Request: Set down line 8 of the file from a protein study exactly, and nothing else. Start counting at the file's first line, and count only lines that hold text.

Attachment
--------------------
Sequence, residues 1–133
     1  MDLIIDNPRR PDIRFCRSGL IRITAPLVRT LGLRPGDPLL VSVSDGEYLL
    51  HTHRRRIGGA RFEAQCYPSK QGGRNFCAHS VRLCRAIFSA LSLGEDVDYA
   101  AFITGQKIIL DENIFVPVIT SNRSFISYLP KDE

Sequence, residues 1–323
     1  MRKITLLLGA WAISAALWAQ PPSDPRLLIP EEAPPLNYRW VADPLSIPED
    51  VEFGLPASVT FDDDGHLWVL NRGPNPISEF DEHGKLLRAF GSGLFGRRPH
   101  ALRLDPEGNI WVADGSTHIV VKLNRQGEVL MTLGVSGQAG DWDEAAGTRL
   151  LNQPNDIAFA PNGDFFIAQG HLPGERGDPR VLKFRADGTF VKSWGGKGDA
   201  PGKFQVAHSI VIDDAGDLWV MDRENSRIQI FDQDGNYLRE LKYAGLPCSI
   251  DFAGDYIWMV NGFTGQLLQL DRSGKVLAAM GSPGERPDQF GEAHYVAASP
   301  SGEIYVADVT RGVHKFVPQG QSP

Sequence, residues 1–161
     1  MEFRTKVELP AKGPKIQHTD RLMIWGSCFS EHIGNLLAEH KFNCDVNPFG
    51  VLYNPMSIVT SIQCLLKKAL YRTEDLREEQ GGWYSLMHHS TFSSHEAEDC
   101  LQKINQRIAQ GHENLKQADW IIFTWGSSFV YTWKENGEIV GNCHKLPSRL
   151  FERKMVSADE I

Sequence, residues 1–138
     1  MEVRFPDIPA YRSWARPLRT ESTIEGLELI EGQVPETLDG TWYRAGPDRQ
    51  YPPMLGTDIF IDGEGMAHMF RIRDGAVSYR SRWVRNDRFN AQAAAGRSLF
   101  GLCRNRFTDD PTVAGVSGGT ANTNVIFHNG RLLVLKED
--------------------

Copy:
   101  ALRLDPEGNI WVADGSTHIV VKLNRQGEVL MTLGVSGQAG DWDEAAGTRL